N.J. Superior Court, Appellate Division

JUVENILE LAW – Motion for Waiver – 30-Day Time Limit

State in the Interest of D.Y.,

A-0490-07T4; Appellate Division; opinion by Coburn, P.J.A.D.; decided and approved for publication February 4, 2008. Before Judges Coburn, Fuentes and Grall. On appeal from the Chancery Division, Family Part, Burlington County, FJ-03-2202-07. DDS No. 14-2-9572 [7 pp.]

On March 22, 2007, police found the deceased victim, who had been stabbed, lying on the floor with a bloody kitchen knife nearby. The police developed probable cause indicating that D.Y., who was 16 years old, and another juvenile and three adults were responsible for the assault that led to the victim’s death. On April 24, 2007, D.Y. was charged in the Family Court with second-degree aggravated assault.

On May 22, 2007, during the investigation, the police were told that before the assault, D.Y., while at his house, brought out three steak knives and handed them to two of the co-defendants, telling them to “suit up.” One of the co-defendants told police that D.Y. said they were going to the bar to assault the victim, who had earlier struck D.Y.’s father. After the assault, the co-defendant added, he saw D.Y. and another co-defendant throw knives on the roof of a building near the bar. On June 1, the police searched the rooftop of a building near the bar and found two knives that matched the knife found at the bar and matched knives still present at D.Y.’s house.

Because of this information, the prosecutor filed a complaint in the Family Part charging D.Y. with murder, at which time the assault charge was dismissed. On June 20, 2007, the prosecutor filed the notice of motion for waiver of the murder charge to the Criminal Part, including a detailed statement of reasons. The motion was filed more than 30 days after filing the aggravated assault complaint, but within 30 days after filing the murder complaint. The Family Part judge denied the motion, ruling that it was untimely and that the prosecutor failed to show good cause for extending the 30-day time limit set forth in N.J.S.A. 2A:4A-26 and in Rule 5:22-2(a). The Appellate Division granted the state leave to appeal.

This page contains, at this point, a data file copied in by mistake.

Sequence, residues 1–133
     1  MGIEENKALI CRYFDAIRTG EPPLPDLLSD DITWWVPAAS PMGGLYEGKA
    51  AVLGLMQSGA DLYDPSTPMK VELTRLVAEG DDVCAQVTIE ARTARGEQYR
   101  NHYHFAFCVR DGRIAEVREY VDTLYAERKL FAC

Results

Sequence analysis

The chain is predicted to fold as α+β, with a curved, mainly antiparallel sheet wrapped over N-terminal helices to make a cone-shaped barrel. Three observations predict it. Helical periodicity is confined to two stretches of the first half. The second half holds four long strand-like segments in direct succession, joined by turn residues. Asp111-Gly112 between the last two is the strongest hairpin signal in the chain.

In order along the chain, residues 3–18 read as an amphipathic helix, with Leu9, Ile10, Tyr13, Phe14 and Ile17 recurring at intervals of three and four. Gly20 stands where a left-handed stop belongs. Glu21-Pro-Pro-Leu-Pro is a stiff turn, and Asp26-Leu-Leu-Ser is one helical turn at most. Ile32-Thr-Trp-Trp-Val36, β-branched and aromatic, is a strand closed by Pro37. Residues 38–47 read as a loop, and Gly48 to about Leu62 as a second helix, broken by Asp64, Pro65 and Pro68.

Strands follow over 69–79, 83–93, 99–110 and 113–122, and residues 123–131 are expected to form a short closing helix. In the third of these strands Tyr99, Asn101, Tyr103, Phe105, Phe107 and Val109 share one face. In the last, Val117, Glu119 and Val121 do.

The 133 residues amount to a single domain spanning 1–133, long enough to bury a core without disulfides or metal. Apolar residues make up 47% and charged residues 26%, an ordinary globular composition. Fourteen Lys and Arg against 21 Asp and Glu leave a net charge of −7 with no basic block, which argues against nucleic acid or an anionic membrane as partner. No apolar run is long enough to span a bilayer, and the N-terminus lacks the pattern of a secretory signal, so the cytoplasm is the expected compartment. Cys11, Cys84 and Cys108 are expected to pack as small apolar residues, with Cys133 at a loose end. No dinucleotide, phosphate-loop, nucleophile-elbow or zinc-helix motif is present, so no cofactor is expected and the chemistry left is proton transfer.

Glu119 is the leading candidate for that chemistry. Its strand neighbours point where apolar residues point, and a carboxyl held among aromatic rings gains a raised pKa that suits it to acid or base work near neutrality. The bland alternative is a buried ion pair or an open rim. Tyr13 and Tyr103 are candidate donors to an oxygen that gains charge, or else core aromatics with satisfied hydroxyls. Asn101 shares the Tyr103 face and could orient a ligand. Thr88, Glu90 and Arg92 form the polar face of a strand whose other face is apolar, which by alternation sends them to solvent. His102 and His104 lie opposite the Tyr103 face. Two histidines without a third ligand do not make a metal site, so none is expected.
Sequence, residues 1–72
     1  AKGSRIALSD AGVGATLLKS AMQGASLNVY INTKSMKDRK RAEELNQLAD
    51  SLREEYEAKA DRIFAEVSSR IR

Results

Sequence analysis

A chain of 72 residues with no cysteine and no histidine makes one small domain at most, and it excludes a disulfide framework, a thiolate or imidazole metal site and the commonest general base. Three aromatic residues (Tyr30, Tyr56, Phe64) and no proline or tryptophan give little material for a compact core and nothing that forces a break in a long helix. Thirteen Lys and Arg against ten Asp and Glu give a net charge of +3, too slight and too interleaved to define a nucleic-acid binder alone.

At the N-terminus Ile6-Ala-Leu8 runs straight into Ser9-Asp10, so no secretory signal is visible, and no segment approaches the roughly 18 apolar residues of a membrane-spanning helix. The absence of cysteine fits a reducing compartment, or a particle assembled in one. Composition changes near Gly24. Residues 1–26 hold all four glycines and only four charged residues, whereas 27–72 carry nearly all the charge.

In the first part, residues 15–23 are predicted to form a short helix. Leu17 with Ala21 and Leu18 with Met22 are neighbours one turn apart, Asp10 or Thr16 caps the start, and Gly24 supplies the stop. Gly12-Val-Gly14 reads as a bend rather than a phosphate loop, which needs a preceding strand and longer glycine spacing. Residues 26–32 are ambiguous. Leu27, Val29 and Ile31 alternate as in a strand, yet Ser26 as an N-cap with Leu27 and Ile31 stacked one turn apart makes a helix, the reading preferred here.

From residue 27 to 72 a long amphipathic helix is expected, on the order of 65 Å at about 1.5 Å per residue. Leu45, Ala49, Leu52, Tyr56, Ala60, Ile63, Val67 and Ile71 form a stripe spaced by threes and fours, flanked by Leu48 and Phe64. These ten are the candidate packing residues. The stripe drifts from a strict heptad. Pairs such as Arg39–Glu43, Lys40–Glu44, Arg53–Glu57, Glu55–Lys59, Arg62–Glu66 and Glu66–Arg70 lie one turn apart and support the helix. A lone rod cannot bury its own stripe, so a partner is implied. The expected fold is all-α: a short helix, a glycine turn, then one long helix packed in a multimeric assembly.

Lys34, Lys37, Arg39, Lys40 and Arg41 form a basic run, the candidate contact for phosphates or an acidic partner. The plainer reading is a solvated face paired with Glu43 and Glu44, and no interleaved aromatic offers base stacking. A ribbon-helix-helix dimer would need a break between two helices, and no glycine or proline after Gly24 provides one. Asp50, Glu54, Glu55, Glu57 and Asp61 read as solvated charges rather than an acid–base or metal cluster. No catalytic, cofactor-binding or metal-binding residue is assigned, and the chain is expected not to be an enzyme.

Held: The Appellate Division reversed, finding that the filing of the motion for waiver was timely in that it was filed within 30 days of the filing of the murder complaint to which it was addressed. However, even if the 30-day time limit began to run with the filing of the first complaint for assault, the prosecutor showed good cause to extend the time limit due to the development of subsequent information related to the defendant’s role in the incident.

Under N.J.S.A. 2A:4A-26(d), the waiver motion must be “filed by the prosecutor within 30 days of receipt of the complaint.” That time limit may be extended but only “for good cause shown.” The Appellate Division found that the 30 days begin to run from the date on which the complaint to which the waiver motion was addressed is filed; here, the murder complaint.

Even assuming that the prosecutor was obliged to file the waiver motion within 30 days of the filing of the first complaint, the Appellate Division noted that it would still reverse because good cause was shown for extension of the time limit. Neither the statute nor the rule requires that the motion for an extension be filed within the 30-day period. The motion was filed less than 60 days after the first complaint was filed. At the time the first complaint was filed, D.Y.’s precise role in the attack was uncertain. When the subsequent investigation revealed that D.Y. appeared to be the primary instigator of the attack, the case against D.Y. changed dramatically. The prosecutor reasonably determined that a charge of murder could be maintained against D.Y., and promptly filed the new complaint. The Appellate Division concluded that under these circumstances the prosecutor showed good cause for an extension of the 30-day limit.

The Appellate Division remanded to the Family Part on the issues of whether the waiver complied with the “Juvenile Waiver Guidelines” issued by the attorney general and whether it constituted a gross and patent abuse of discretion.

– By Debra McLoughlin

For appellant -Timothy M. Ellis, Assistant Prosecutor (Robert D. Bernardi, Burlington County Prosecutor). For respondent – Lon Taylor, Assistant Deputy Public Defender (Yvonne Smith Segars, Public Defender).